sv(8) for more details.
By default, runit has 2 runlevels,
single. New runlevels can be created by creating a new folder in
/etc/runit/runsvdir/ and symlinking your desired service to that runlevel.
ln -s ../../sv/service /etc/runit/runsvdir/runlevel
To switch runlevel use the
runsvchdir program. Note that when switching, all services are stopped then restarted if enabled in the new runlevel.
This is a tree of a complete service directory structure (aka
/etc/runit/sv/servicedir), in some run scripts, typically only
run will be available as usually it's the only file needed.
servicedir ├── run (755) ├── check (755) ├── conf (644) ├── finish (755) └── log (directory) ├── config (644) └── run (755)
A runit (or any daemontools-compatible) service directory contains at least one executable file, named
run, which runs process in the foreground.
This means that:
runfile must be a symlink to the service executable, or a script that eventually
exec's into it.
runscript should pass flags to the service executable that prevent this behavior (such as enabling debug mode).
The service directory may also contain executables like
finish will be executed when a service is stopped, and
check will be executed (if exists) by
sv check or
run scripts can source variables and additional commands from a user-supplied
conf file (which should be created in the service directory, and is not executable). Usually, a
run shell script that supports a
conf file has the line
[ -r ./conf ] && . ./conf.
If a service directory contains another directory named
log, the output of the
run process in the service directory will be piped to the input of the
run process in the log directory. If the log service uses
svlogd, it may be configured by using the file
svlogd can be configured is explained in the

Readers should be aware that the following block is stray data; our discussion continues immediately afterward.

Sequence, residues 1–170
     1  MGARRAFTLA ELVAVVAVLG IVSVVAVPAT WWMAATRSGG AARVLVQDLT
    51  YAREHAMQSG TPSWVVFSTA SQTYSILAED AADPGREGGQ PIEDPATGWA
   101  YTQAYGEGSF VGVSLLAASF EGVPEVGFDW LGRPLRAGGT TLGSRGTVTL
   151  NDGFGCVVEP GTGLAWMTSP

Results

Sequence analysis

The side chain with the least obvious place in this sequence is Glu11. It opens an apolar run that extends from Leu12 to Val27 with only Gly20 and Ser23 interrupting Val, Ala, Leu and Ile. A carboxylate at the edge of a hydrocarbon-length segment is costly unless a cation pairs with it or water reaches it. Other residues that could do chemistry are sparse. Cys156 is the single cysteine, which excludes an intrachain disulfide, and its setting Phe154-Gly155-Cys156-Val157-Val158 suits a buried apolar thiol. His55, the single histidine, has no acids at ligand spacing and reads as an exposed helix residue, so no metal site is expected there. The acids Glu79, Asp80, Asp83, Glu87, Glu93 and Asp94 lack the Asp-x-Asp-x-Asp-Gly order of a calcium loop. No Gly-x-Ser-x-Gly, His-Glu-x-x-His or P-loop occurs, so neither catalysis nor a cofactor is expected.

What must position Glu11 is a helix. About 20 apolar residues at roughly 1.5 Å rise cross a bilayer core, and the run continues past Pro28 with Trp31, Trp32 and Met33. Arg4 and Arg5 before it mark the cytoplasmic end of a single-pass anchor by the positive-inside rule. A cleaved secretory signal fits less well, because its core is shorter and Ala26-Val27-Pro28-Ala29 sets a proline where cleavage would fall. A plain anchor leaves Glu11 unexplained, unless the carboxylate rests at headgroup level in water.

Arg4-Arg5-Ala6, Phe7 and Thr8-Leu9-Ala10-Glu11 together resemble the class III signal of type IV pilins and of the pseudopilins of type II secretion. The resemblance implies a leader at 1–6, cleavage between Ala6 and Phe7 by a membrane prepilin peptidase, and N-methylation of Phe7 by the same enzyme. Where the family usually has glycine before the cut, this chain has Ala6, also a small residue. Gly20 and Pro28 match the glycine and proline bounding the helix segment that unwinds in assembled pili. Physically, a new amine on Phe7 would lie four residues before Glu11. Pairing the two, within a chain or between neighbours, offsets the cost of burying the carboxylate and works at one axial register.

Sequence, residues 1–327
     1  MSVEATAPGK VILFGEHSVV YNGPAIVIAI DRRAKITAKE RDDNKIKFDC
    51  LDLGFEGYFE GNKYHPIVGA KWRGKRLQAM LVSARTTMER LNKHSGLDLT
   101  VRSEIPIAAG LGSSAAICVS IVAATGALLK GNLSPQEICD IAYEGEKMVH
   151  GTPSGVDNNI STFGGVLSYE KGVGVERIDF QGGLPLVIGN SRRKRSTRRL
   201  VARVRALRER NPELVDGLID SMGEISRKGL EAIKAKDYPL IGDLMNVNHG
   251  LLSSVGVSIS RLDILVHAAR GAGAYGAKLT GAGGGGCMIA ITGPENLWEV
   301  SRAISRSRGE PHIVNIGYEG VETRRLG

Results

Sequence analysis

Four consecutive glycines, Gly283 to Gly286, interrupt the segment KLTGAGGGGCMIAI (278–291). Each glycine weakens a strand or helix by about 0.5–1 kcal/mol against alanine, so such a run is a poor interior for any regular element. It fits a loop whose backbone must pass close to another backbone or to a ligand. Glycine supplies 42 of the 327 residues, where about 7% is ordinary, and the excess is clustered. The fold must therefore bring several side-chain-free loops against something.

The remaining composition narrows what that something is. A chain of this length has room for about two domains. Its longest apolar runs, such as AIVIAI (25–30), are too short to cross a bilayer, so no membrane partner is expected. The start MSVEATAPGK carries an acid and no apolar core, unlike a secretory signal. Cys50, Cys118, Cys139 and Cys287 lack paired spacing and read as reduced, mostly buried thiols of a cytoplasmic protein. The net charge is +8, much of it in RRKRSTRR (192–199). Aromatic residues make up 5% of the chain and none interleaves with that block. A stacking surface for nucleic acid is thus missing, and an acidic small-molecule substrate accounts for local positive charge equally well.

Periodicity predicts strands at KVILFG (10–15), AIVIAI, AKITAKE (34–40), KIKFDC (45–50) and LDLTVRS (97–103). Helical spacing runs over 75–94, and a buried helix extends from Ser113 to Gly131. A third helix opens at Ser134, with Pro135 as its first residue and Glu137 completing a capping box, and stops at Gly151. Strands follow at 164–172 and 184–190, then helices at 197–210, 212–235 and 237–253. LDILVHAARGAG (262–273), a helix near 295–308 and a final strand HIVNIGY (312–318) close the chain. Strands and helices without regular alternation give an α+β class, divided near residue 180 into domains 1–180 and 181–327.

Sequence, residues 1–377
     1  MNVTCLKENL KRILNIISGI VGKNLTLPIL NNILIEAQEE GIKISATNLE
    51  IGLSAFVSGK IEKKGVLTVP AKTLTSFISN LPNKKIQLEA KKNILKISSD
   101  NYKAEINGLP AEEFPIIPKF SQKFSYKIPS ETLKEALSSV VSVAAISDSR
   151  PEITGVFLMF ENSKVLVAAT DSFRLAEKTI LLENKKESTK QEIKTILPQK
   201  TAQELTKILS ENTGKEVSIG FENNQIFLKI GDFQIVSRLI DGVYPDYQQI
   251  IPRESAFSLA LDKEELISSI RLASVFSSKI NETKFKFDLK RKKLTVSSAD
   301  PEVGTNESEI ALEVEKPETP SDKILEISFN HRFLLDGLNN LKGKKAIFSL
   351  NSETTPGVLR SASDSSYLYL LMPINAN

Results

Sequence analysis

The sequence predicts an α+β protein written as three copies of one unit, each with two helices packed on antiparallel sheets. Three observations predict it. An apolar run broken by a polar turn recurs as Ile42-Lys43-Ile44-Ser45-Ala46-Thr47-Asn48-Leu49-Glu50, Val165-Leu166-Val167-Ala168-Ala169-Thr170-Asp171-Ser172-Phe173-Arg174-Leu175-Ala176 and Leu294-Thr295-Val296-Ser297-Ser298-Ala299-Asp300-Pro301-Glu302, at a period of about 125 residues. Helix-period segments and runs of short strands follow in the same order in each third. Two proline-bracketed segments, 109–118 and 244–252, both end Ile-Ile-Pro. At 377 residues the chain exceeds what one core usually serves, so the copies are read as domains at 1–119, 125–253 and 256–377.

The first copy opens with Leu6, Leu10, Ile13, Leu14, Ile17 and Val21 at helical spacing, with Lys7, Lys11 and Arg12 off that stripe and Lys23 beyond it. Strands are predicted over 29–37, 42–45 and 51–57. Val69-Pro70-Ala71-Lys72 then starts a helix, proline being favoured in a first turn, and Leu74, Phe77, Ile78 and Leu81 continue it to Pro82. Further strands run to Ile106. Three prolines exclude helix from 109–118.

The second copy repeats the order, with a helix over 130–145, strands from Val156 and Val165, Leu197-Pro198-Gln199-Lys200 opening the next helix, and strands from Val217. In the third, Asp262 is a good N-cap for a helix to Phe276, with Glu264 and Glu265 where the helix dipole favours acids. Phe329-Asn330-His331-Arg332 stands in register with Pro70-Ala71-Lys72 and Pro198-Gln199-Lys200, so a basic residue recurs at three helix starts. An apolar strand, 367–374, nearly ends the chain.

Some services may depend on other services. For example,
NetworkManager depends on
dbus. To ensure that required dependencies are satisfied, check the service's
run file. For example, for NetworkManager:
# /etc/runit/sv/NetworkManager/run sv check dbus >/dev/null || exit 1
This means you have to enable
dbus for NetworkManager to start.
To use runit to manage services at a user level, you will need to create a running runit user instance for your user. This instance will need it's own
directory in which it can operate. It is recommended that this instance be managed by the system's runit instance. The way this is setup is by creating a runit service with the following
#!/bin/sh export USER="your-username" export HOME="/home/$USER" groups="$(id -Gn "$USER" | tr ' ' ':')" svdir="$HOME/.service" exec chpst -u "$USER:$groups" runsvdir "$svdir"
svdir can be changed to a directory of your liking and the
USER must be changed to a user for which you want to setup user-services.
Any new user service can be added to a configuration directory (i.e.
~/.config/sv) from which they can be symlinked into the
svdir directory (similarly to how
/etc/runit/sv/example-service gets symlinked to
svcommand in Rust with additional features